Beyond The Uniform

New leadership at Commissionaires encourages military families and veterans to apply

Military families and veterans, please apply is the message the new Chief of Staff retired Commodore (Cmdre) Mark Watson is conveying.

This summer, the retired commodore took over as Commissionaires Chief of Staff from his predecessor, retired Captain (Capt) Harry Harsch, who retired after five years with the organization.

The Corps of Commissionaires stems from a British idea to help find employment for veterans of the Crimean War. A similar model was established in Canada in 1925. By 1945, Commissionaires had spread coast to coast.

“Ironically, we are now a much large institution than our British cousins and, I believe, a truly Canadian institution on how we operate and what we do,” Watson commented, who took the helm on July 3, 2020.

This summer retired Commodore Mark Watson took over as Commissionaires Chief of Staff from his predecessor, retired Captain (Capt) Harry Harsch, who retired after five years with the organization. Photo credit: Melani Girard Canadian Forces Support Unit Ottawa Imaging Services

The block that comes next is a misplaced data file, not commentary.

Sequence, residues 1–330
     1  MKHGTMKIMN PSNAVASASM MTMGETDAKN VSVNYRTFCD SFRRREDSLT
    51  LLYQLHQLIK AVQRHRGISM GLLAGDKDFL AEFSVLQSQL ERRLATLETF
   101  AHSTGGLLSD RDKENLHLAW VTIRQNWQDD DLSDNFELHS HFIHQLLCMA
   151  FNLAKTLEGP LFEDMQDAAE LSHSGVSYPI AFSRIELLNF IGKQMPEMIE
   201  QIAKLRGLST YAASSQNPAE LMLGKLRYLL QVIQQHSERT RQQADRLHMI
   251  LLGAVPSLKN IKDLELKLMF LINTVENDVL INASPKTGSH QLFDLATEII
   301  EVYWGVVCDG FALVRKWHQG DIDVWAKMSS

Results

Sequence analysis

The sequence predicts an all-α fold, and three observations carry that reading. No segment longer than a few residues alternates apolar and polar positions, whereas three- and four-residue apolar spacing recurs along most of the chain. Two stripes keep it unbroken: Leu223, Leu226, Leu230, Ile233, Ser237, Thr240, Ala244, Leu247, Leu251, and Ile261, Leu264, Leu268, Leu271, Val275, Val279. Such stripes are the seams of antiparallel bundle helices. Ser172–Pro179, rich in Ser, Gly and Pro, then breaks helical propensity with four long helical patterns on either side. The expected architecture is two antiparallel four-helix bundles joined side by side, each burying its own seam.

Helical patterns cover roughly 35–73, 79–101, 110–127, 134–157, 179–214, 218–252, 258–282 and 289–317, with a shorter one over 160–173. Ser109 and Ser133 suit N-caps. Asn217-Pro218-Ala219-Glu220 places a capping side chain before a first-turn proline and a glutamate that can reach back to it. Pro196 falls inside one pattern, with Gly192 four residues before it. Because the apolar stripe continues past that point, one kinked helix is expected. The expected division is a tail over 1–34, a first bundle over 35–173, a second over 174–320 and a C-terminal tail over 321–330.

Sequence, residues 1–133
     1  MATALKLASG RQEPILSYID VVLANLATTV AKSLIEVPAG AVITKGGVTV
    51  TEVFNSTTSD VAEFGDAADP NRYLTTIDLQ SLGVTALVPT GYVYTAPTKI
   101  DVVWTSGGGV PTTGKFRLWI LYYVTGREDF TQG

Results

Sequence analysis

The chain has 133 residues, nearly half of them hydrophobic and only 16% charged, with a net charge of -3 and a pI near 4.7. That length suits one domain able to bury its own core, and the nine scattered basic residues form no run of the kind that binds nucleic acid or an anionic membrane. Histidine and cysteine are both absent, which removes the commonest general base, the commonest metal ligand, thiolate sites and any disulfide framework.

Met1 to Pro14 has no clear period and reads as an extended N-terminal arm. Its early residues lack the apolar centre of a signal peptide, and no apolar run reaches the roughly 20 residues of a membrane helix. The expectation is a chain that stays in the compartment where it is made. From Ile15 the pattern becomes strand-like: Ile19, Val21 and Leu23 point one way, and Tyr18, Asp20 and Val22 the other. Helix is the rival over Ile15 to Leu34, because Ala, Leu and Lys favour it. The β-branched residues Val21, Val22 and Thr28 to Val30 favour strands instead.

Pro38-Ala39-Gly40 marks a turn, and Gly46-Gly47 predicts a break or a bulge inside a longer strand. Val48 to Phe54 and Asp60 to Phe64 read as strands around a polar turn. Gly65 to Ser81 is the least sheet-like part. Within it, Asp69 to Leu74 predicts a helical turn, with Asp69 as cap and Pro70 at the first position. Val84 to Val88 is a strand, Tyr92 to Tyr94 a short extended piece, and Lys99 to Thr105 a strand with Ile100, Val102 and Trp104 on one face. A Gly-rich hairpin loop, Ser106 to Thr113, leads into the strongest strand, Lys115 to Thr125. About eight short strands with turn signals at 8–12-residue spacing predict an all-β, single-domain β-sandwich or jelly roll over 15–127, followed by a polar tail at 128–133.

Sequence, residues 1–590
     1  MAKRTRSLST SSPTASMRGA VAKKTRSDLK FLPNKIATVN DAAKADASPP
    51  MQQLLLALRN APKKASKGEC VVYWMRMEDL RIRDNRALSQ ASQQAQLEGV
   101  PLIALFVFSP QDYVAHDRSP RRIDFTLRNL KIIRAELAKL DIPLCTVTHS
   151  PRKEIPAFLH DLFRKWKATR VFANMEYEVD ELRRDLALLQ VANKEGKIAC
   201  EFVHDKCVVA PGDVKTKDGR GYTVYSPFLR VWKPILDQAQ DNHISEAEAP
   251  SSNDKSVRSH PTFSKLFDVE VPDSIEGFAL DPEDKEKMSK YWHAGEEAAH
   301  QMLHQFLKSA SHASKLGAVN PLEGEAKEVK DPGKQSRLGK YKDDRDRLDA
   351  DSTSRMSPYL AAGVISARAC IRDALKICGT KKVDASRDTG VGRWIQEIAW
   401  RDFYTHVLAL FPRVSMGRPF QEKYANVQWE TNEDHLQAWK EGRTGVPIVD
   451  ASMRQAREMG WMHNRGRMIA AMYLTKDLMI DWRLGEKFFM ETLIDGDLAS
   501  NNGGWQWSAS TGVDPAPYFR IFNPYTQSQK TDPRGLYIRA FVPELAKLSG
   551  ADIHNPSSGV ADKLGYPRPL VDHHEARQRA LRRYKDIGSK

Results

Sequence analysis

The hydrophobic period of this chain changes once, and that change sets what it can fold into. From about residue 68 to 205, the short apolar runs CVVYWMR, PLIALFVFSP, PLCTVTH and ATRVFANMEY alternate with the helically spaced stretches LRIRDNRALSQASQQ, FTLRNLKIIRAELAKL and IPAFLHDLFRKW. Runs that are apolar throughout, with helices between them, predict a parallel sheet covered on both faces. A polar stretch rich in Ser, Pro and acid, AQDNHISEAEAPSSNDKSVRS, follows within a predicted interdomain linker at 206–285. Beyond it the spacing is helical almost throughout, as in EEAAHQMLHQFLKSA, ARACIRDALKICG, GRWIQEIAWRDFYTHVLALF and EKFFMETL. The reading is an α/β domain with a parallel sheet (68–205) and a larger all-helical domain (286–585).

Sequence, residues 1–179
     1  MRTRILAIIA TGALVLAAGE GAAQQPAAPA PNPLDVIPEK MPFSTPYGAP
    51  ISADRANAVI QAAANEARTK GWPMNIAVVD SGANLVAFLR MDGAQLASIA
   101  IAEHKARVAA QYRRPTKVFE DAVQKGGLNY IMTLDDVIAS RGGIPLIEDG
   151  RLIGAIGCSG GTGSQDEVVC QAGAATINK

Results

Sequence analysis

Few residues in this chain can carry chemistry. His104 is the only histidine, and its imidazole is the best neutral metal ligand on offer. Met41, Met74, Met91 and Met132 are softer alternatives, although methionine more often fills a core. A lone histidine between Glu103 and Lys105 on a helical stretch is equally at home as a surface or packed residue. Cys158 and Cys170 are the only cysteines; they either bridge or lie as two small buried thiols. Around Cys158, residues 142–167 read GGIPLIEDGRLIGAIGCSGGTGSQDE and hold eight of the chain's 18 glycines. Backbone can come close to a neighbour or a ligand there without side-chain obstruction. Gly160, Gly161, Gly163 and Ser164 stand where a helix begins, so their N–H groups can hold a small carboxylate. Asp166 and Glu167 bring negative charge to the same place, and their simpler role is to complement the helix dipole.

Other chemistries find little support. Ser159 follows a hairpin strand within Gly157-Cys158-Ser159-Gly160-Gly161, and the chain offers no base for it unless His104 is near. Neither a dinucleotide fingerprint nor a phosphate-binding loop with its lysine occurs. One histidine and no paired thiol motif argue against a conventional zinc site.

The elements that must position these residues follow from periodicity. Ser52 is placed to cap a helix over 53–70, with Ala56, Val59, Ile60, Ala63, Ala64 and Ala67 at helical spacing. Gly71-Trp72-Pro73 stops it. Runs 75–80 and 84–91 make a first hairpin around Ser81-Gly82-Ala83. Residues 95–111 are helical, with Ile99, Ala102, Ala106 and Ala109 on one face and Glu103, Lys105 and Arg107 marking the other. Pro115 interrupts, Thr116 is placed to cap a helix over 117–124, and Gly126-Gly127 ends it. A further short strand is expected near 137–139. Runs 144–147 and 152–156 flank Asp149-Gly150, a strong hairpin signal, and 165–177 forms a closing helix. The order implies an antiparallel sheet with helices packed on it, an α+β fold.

©2019 DND-MDN Canada

The Corps is a not-for-profit organization that has a social mandate to provide meaningful employment that meets the needs of veterans of the Canadian Armed Forces (CAF), the Royal Canadian Mounted Police (RCMP), their families, and others who wish to contribute to the security and well being of Canadians.

Primarily working in the security field, they also provide cybersecurity, ID services, municipal non-core policing, such as overseeing detention centres and enforcing by-law infractions. The organization has over 1,200 locations in Canadian communities, overseas, and at all military bases, including CFS ALERT.

Watson is responsible for overseeing the operations of the Corps of Commissionaires National Office in Ottawa.

“Working with my team of a dozen staff, who are mostly veterans, my specific job is to work inside the not-for-profit federation of 15 distinct divisions to enhance the Corp’s image, improve collaboration amongst divisions, oversee national contracts including our major one with the federal government, and ensure an effective governance structure,” Watson added.